This is the third chapter of my month-long work of fiction, NOV.


The slender fingers settle on Frank’s right shoulder, the lean arm wraps around behind his neck, and a tall, lithe body swings around and hops up onto his lap. A face in an arrangement of white base and black accents is now almost too close for Frank to focus on, and close enough for him to hear a swallow – the sausage tip – followed by a soft voice.

“— may be the l—liest number, h—y, but when I’m d— there won’t be a l—ly b— in your body.”

“He doesn’t have much m—ey,” Spoiler says.

Two shoulders in light dark crêpe shrug and no — gets off any—’s lap. “What’s your name?”

Spoiler speaks for him. “Frank.”

“Ooh, we have an h—st —.”

Frank is neither shrinking nor leering, neither flinching nor stroking, just appraising this person like a balance sheet. “What’s your name?”

The chiaroscuro sylph uncurls an index finger and holds it up: 1.

“One,” Spoiler translates. Ah, numerals.

“I believe in digital enhancement,” one says.

“Well, your digits have already enhanced your diet and diminished mine,” Frank says.

“Then I owe you one.” One kisses Frank on the left cheek and hops onto the floor. Frank turns towards his food and sees no fork or knife. He looks around, and sees one handing him cutlery taken from a nearby table.

“So, Frank,” one says, hopping onto the stool to his right, “what do you do?”

Frank gives one a fuller look-over: a long, elegant figure draped in black; black-painted lips perpetually almost pursed or puckered; feline eyes, soft but quick and reckoning. One in return evaluates Frank at length: not as young and not as firm but not overripe or stale, and still as game as a grouse.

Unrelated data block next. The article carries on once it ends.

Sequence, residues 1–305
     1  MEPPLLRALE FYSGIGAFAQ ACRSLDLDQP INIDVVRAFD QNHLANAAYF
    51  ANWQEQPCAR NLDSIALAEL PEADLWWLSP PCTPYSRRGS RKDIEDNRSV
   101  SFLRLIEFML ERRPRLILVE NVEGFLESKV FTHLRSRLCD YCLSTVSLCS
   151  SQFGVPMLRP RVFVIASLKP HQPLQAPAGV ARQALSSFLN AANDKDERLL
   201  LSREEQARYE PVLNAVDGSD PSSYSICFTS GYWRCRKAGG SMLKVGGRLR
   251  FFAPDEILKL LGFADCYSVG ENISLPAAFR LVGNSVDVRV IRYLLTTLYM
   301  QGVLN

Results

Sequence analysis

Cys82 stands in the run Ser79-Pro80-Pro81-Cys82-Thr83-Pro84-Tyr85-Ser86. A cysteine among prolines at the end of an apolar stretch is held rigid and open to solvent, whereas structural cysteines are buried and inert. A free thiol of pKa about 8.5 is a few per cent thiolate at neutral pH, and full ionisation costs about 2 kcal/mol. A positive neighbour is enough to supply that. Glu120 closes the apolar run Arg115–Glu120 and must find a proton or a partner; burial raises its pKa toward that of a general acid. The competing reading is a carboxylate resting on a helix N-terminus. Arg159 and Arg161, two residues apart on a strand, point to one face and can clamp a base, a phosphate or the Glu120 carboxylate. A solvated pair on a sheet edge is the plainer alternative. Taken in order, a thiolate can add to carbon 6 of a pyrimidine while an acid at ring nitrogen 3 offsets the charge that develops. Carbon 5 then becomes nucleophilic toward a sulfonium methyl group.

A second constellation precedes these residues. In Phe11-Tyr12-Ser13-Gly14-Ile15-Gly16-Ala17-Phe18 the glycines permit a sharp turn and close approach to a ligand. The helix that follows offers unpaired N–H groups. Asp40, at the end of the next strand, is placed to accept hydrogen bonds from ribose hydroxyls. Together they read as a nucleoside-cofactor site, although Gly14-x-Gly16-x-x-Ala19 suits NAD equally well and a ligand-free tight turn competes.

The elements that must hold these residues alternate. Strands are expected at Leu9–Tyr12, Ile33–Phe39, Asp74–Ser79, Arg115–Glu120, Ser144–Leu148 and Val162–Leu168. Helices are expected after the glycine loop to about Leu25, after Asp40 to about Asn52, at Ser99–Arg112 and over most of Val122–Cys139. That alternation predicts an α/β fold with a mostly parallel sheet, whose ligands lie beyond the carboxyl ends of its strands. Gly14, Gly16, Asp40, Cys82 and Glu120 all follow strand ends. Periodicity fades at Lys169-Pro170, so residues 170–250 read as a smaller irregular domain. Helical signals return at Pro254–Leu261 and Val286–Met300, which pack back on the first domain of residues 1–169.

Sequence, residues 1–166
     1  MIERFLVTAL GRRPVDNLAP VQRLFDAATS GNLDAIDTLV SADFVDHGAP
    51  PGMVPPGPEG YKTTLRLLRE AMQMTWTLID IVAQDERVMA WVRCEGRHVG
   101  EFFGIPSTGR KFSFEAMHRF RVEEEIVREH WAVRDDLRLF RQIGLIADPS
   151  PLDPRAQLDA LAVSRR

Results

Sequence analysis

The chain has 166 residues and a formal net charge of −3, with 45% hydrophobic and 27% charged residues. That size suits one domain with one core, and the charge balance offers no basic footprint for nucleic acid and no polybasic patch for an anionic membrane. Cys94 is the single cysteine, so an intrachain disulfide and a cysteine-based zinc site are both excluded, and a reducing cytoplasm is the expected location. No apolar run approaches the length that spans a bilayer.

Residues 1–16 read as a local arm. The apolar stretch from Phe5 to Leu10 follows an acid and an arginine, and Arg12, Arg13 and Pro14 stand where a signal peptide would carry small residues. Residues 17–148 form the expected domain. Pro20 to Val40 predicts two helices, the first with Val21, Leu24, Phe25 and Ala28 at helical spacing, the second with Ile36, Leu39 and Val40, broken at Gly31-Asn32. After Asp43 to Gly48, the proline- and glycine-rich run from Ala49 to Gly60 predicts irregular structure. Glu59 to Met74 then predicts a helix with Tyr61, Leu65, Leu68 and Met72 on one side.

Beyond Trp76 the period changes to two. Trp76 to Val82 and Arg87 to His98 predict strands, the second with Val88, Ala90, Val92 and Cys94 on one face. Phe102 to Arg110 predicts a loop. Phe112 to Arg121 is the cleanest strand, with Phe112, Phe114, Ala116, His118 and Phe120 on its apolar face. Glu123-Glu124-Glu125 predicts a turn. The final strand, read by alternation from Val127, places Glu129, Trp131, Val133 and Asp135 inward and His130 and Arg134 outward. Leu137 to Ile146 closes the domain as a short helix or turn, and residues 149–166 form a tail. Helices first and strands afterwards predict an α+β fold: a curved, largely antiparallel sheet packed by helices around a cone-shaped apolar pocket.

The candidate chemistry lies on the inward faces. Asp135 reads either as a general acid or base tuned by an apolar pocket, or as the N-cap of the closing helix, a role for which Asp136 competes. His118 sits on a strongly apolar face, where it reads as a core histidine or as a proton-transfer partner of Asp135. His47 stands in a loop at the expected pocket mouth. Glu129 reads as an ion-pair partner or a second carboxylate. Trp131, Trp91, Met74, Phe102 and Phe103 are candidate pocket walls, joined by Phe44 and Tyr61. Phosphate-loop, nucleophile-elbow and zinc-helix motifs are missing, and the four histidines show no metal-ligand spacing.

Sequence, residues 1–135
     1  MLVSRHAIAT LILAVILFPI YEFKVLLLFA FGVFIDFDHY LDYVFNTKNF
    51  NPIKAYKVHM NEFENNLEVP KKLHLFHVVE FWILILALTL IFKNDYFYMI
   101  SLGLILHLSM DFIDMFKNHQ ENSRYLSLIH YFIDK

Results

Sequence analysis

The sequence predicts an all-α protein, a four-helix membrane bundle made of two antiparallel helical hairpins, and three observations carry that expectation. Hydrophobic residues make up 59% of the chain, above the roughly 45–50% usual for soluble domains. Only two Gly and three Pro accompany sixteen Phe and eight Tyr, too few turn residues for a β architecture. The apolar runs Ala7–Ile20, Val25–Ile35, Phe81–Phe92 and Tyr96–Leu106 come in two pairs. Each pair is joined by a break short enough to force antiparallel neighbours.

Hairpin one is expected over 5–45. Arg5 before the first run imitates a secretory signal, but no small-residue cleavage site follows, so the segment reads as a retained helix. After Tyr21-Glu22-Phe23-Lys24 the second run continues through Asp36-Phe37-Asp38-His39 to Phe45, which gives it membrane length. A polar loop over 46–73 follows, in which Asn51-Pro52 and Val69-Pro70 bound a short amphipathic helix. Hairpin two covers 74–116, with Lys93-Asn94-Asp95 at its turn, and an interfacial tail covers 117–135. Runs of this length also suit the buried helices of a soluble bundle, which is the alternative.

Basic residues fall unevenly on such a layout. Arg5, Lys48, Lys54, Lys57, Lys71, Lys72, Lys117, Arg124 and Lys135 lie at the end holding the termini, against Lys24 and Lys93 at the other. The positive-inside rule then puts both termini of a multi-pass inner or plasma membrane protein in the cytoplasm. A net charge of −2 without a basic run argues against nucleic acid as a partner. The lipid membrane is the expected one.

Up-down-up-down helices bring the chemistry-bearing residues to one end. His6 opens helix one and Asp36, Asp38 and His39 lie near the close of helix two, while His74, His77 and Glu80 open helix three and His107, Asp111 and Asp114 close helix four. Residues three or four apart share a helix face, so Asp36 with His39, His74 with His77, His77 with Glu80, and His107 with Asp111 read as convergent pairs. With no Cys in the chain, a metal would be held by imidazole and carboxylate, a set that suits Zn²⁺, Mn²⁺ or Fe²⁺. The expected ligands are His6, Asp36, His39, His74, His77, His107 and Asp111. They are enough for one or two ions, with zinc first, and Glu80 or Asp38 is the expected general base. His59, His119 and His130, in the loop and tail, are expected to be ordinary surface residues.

“I turn words into money,” Frank says.

“Frank words,” one says. “Open and sincere.”

“In my business, sincerity is everything. Once you can fake that convincingly, you’re set.”

“You’re a rich man.”

Frank holds up a piece of wurst on his fork and demonstratively eats it. “I’m just the mouth,” he says, chewing. “As you know, the food passes through the m— but ends up farther s—.”

One looks a bit more sidelong at Frank and then glances over at Spoiler. “That sounds a bit… unc—.”

For a moment Frank looks at one, and one at Frank, and Spoiler at one, and one at Spoiler, like a scene from Sergio Leone. Then Spoiler says to Frank, “I think that one has a bit of an oral fixation.”

“I can — oral problems and aural problems, like missing suf—es and pre—es. One is good at correcting.”

“Are you a speech therapist?” Frank says, still eating with help from what’s left of his Guinness. Frank is impressed by one’s perspicacity but wary of being toyed with. He is not used to vulnerability. Words are his slaves and he is feeling a slaves’ revolt.

“More of a number therapist, really, but one may have avocations.”

“What I do for work I do for fun.”

“Well, there’s no accounting for enjoyment.”

At first Frank takes this as a criticism of his narrowness. Then he processes what “number therapist” may mean: accountant.

One hell of an accountant, if so. One heck of a sales presence.

“So what do you do for fun?” Frank finally says.

“I play games.”

“What kind of…” Frank is developing a reflex against repeating words.

“I’ll show you. I owe you, anyway. Let me buy you a drink. Not here.”

Frank looks at his wrist. Of course he doesn’t have a watch on. It’s next to his wallet, wherever the hell that is now. “What time is it?”

“Not too late. Yet.”

Frank looks over at Spoiler, down at the shoes. “I have your shoes.” He looks back at one. “I need to get shoes somehow. I can’t keep these.”

“Spoiler, darling,” one says, “can you join us to the shoe store?”

“Barefoot?” says Spoiler.

“Ugh,” one says quietly. “Wait here, we’ll be back.”

“I don’t have any more money on me,” Frank says.

“And won’t until we reunite you with your effects. I’ll spot you a pair of shoes. If you let me buy you a drink and show you a game.”

Frank is a responsible person, but Frank is also an irresponsible person – the former by reflex but the latter by desire. There’s a reason he makes a living as a word sharper. Caution tells Frank that one may be looking for trouble, but there’s something Frank values more than caution, as long as it’s in controllable doses, and, as he stands up and follows one into the street, he’s about to find it. Literally.

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